Rehearsed in secret and only announced last week, within hours of initial verdicts being handed down in the Murdoch newspaper phone-hacking trial, “Great Britain,” the National Theater’s bold satire on illegal practices in the tabloid press and its scandalous links to politicians and the police, is shockingly timely. That, alas, is the extent of its shock value. Sharp-eyed and often funny though the evening is, the unsolved problem for playwright Richard Bean (“One Man, Two Guvnors”) is that the genuinely extraordinary real-life events it parallels are beyond satire.
The initially cartoon-like play, a laying-bare of debased British values, has a lynch-pin (as in lynch-mob) in the shape of viciously ambitious Paige Britain (Billie Piper). She’s the ruthless news editor of the Free Press, a daily tabloid newspaper owned by overseas media mogul Paschal O’Leary. As presented here by beady Dermot Crowley, he’s Irish. But with his numerous children in power in his worldwide business and his openly espoused aims to control all U.K. media — and which party is in government, so as to protect and develop his interests — there are no prizes for guessing who he’s based on.
When Paige discovers, nearly accidentally, how to hack into the voicemail of cellphones (an activity that requires nothing but a phone line, an easily obtainable pin number and no conscience), she instantly sees the potential. Since, as she proudly announces, “We destroy people’s lives” (so that readers can read about it), she realizes that unlimited access to people’s private lives via messages left on voicemails is going to be a bonanza.
And so it proves in the busy, lengthy first act, which is rammed with expository scenes setting up not just the paper and its nefarious workings, but also all the other elements that have been revealed in the real-life scandal.
There’s the leader of the Conservative party who, anxious to be re-elected, gets into bed metaphorically with O’Leary and literally with Paige. There’s the Metropolitan Police (London’s police body) with a ludicrously inept commissioner Sully Kassam (deadpan funny Aaron Neil), who is a wildly over-promoted Asian gay man with a unique ability to spout nonsense at (too many) times of crisis. He’s also being blackmailed by an ex-lover, and his job is coveted by his brighter, more upstanding deputy (Oliver Chris). The latter’s investigations into Paige’s activities become seriously compromised when she beds him too.
Then there’s the paper’s hacking of the phone of the father of missing, presumed-dead twins, a reference to the real-life Milly Dowler story that turned the real-life case into a bona fide world news story. And a comically exaggerated plot about the phone-hacking of the royal family, via the uncovering of a photo of the queen playing drums for the Nazi party. And then the sudden exit of the paper’s editor to run the government’s media profile (the exact same move taken by real-life Andy Coulson, just found guilty). He’s replaced by O’Leary’s favorite, a Rebekah Brooks look-alike, and the stage is set.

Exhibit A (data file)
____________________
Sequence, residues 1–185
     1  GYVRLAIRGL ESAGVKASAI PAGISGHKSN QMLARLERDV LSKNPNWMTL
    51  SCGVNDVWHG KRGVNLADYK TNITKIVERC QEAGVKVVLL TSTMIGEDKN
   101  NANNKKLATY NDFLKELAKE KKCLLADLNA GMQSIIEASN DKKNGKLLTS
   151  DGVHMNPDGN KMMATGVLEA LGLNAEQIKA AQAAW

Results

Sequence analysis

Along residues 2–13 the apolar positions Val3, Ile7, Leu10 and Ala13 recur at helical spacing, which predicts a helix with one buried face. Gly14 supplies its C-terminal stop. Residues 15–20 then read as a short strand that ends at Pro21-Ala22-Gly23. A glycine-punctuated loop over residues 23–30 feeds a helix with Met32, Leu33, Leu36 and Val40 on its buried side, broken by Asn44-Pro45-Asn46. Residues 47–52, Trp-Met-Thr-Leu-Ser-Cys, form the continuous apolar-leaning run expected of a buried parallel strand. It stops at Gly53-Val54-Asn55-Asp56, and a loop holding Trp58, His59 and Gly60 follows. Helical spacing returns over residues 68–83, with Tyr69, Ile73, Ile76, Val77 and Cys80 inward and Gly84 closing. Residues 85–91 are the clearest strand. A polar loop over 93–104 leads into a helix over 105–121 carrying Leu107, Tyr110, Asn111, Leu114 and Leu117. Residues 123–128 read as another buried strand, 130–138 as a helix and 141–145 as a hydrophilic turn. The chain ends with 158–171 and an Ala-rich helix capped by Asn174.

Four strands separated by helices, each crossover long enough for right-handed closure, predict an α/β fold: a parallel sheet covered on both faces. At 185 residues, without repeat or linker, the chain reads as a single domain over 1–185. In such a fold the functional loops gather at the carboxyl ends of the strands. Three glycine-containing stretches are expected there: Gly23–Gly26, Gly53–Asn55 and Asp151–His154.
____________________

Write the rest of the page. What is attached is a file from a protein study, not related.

If that incomplete list of plot elements sounds long-winded, that’s because the play is too. As all writers of bio-dramas discover, real life almost never has dramatic shape. But in order to reflect how the rottenness of the tabloid press has infected all areas of British life and, chiefly, the most senior corridors of power, Bean has to show how they all connect.
All of this set-up allows for the slightly darker second act, in which the consequences of everyone’s actions are played out. But having to keep so many plates spinning has deadening effects on Bean’s often caustic, comically coarse writing. Firstly, with so many elements requiring representation, almost nothing gets enough detailed stage time. Secondly, because the scandal is about the illegal activity between different organizations — linked stories rather than a single driving one — the storytelling is diffuse. With few sustained highs or lows, there’s no developing tension.
Helmer Nicholas Hytner pulls out all the stops in his crisply designed, fleetly played and expertly choreographed production. The show is awash with witty cameos, not least a shrewd Kiruna Stamell as a coolly canny lawyer and Andrew Woodall’s long-suffering police PR man.
But for all the laughs of recognition and the anger clearly underpinning this expose of corruption at the highest levels of British society, there’s no escaping the fact that nothing Bean invents can match the brazen, astonishing truths revealed in the press before and during the ongoing court cases. With its similarities of crime reaching up to the highest levels of government, this affair is the closest the U.K. has got to Watergate. “Great Britain” is a laudable achievement, but it’s not “All the President’s Men.”